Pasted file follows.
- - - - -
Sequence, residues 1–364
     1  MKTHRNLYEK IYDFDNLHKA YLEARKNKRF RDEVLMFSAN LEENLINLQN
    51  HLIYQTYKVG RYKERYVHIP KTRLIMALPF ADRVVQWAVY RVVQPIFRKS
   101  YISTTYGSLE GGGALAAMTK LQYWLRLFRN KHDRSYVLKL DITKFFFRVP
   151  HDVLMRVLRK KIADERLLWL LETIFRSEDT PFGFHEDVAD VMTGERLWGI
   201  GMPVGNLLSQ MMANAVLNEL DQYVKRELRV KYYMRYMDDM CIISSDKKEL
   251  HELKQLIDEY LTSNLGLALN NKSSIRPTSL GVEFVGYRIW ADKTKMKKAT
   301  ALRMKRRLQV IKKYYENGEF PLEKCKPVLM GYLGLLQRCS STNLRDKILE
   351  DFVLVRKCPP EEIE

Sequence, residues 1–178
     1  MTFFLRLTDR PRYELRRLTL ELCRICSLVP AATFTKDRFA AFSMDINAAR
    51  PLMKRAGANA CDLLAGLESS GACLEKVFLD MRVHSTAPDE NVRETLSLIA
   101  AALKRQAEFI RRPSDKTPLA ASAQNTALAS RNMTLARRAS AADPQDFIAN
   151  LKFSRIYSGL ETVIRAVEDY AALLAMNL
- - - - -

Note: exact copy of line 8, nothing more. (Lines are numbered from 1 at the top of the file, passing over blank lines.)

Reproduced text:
   301  ALRMKRRLQV IKKYYENGEF PLEKCKPVLM GYLGLLQRCS STNLRDKILE